Humberto Sanchez-Rengifo v. J.F. Caraway, 7th Circuit Court of Appeals Case No. 14-2876, 8/14/15
Sanchez-Rengifo sought relief from his conviction for sexual assault by filing a habeas petition under 28 U.S.C. § 2241 arguing the evidence was insufficient to prove his guilt. The district court dismissed the petition on the grounds that the petition should have been filed under 28 U.S.C. § 2255 unless that route is “inadequate or ineffective to test the legality of his detention”—a showing Sanchez-Rengifo failed to make. Though the district court applied the wrong statute, it doesn’t matter because Sanchez-Rengifo hasn’t met the standard for getting a certificate of appealability.
As we have noted earlier, “[a] court may grant a certificate if the applicant makes a ‘substantial showing of the denial of a constitutional right.’” Arredondo v. Huibregtse, 542 F.3d 1155, 1165 (7th Cir. 2008) (quoting 28 U.S.C. § 2253(c)(2)). We have explained that “[a]n applicant has made a ‘substantial showing’ where ‘reasonable jurists could debate whether (or, for that matter, agree that) the petition should have been resolved in a different manner or that the issues presented were “adequate to deserve encouragement to proceed further.”’” Id. (quoting Slack v. McDaniel, 529 U.S. 473, 484 (2000)). ….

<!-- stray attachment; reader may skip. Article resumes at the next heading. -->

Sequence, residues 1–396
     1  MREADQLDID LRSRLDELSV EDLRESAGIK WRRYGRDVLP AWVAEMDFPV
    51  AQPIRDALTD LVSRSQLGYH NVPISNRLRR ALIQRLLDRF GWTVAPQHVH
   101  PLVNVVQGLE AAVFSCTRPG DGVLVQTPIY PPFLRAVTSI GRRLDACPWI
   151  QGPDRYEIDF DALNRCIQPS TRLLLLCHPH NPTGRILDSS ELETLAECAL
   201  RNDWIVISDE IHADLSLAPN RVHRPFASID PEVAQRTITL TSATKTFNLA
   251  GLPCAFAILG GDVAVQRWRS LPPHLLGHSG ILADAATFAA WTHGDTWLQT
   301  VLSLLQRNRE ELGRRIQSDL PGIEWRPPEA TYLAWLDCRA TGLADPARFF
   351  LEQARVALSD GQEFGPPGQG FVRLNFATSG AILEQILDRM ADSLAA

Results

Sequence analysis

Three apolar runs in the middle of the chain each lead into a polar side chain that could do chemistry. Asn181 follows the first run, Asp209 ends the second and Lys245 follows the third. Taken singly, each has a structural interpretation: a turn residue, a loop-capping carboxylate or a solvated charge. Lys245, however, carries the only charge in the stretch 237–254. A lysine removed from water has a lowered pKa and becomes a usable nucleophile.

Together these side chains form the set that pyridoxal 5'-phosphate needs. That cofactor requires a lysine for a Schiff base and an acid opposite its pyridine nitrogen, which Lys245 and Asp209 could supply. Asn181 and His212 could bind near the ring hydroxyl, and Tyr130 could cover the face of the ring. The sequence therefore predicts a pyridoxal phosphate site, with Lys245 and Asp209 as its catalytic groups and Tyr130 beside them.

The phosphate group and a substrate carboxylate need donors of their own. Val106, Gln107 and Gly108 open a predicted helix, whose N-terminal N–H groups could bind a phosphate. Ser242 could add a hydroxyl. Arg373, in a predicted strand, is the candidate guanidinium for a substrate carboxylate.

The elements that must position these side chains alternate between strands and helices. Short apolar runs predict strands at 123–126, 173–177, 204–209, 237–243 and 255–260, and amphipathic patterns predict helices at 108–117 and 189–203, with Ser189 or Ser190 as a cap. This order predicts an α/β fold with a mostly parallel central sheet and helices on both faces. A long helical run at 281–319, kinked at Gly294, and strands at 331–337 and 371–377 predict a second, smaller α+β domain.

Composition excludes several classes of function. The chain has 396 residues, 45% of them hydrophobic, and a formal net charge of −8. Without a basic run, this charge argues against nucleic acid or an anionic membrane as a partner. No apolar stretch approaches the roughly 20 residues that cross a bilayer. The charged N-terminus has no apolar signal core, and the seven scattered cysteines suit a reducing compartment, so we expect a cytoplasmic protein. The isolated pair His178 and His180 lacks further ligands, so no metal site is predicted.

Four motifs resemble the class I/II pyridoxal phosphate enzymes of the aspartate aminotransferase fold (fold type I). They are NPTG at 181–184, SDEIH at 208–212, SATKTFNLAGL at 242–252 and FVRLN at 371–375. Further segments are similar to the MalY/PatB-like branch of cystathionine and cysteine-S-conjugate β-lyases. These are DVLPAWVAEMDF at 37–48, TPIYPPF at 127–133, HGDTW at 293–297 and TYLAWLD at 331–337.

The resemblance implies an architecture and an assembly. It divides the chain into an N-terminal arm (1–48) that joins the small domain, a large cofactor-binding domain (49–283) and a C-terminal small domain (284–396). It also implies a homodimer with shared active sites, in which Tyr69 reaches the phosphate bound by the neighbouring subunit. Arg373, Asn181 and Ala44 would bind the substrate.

When we turn to Mr. Sanchez-Rengifo’s substantive contentions in his brief, we cannot find a substantial constitutional question upon which to premise the grant of a certificate of appealability. He argues that his conviction violated the Due Process Clause because there was no DNA evidence to corroborate the victim’s unreliable identification of him as the perpetrator. We have held, however, that “[c]redible testimony of one identification witness is sufficient to support a conviction.” United States ex rel. Wandick v. Chrans, 869 F.2d 1084, 1089 (7th Cir. 1989). The jury was entitled to believe the victim even in the absence of conclusive physical evidence. (Slip op. at 7, 8-9).
Nor can a certificate of appealability be based on a claim that police used a suggestive “show up” identification procedure, as there is no evidence they did, or a claim that his conviction violated the Double Jeopardy Clause because it involved multiple offenses committed during one course of conduct. (Slip op. at 9-14).
The district court erroneously treated Sanchez-Rengifo to be a federal prisoner governed by § 2255 because he is in a federal prison in Indiana; but he’s serving a sentence for convictions from the District of Columbia, and he’s therefore considered a “state” prisoner for purposes of federal habeas review and must secure a certificate of appealability. (Slip op. at 6).